In addition to supporting established companies in the Cambridge Cluster, the fund has provided seed funding to University of Cambridge spinouts. It has also observed academics are becoming more aware of the opportunities to commercialise their research, a process that is becoming smoother as the funding pipeline is becoming more integrated. Until recently a big issue has been the ‘valley of death’, the gap between research grants and business investment, where the technology was not mature enough to attract a private investor. Now, through Innovate UK, there is support available, not only monetary but also advice and mentoring in various forms to help companies through this transition process.

Innovate UK issues a number of competitions covering sectors where there is a defined unmet need, which provides an opportunity for very early stage companies to pitch for funding within these broad themes. Also its funding can be valuable when an early stage company wants to invest in further research. For example, Congenica is a leader in genomic analysis and interpretation. It was spun out about two years ago from the Wellcome Trust Sanger Institute and is based on the work of pioneering scientists involved in the human genome project.

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Congenica received a £2m grant from Innovate UK to enable them to continue their work on multi-omics.

With the falling cost of sequencing, the genomics sector is growing rapidly and Congenica saw the potential to extend its technology – Sapientia, which can identify gene-disease associations – to support ‘multi-omics’. This would look at all the pathways in the body, from the genes through to their expression, covering transcriptomics and proteomics. Congenica has recently been awarded a £2 million grant from Innovate UK, allowing the company to explore this new direction.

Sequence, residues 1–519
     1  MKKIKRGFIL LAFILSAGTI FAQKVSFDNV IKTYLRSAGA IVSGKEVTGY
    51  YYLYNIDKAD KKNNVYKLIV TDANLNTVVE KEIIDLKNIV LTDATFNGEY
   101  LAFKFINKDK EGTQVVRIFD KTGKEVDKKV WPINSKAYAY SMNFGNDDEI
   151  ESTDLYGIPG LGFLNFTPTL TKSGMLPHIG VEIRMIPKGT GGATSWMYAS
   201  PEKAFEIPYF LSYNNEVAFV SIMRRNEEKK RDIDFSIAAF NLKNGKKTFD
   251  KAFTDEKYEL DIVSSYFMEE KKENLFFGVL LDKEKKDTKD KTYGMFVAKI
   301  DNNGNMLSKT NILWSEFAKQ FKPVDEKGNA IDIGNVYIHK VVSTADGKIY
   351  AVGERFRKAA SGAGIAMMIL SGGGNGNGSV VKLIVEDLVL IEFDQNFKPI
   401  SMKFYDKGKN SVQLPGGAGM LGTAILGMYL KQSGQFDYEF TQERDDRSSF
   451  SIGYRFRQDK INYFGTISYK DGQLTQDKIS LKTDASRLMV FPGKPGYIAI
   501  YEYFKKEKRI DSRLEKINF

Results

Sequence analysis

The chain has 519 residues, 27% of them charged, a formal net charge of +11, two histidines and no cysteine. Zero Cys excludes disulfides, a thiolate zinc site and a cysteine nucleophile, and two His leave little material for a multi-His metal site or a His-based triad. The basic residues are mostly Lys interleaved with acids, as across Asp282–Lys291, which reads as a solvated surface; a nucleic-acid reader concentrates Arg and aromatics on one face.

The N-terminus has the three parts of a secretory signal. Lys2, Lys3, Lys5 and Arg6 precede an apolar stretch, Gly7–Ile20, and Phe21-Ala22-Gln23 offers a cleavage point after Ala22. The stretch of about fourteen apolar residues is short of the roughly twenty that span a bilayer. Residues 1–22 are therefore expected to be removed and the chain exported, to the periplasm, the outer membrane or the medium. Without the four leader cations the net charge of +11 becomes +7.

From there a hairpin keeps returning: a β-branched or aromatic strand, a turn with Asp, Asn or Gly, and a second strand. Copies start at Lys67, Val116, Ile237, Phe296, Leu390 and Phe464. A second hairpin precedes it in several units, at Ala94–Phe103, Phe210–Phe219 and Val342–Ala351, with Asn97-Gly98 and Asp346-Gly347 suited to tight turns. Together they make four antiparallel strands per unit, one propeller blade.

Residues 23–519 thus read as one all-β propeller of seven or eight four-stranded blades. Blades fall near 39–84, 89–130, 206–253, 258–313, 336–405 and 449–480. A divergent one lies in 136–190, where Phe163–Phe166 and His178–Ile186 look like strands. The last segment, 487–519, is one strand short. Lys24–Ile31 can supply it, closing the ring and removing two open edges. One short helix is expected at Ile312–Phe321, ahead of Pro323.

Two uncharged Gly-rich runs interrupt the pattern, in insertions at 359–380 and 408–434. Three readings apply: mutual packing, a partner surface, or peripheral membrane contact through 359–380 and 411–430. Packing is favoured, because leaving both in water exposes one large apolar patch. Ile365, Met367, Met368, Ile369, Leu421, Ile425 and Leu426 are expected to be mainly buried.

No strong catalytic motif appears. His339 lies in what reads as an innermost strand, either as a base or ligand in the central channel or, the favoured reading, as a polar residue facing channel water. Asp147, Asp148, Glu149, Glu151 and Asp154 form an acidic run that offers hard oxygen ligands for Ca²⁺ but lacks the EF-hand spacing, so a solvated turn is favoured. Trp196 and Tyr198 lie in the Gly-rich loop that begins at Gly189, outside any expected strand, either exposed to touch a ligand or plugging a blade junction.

Early-stage companies are not able to gain bank loans, known as debt funding, as they have no assets to secure the loan or income with which to pay the interest. Therefore the company will need to be funded with equity, where investors provide funds in return part ownership of the company. Business angels are individuals that may previously have been entrepreneurs themselves or have significant business experience. They have their own money available to invest in teams where they consider there is good potential for a strong business. Low interest rates together with the generous tax breaks of schemes such as the Enterprise Investment Scheme have increased the appetite of these investors to consider the technology sector as a means to grow their net worth while providing support to the next generation of businesses.

Business angels are individuals that may previously have been entrepreneurs themselves or have significant business experience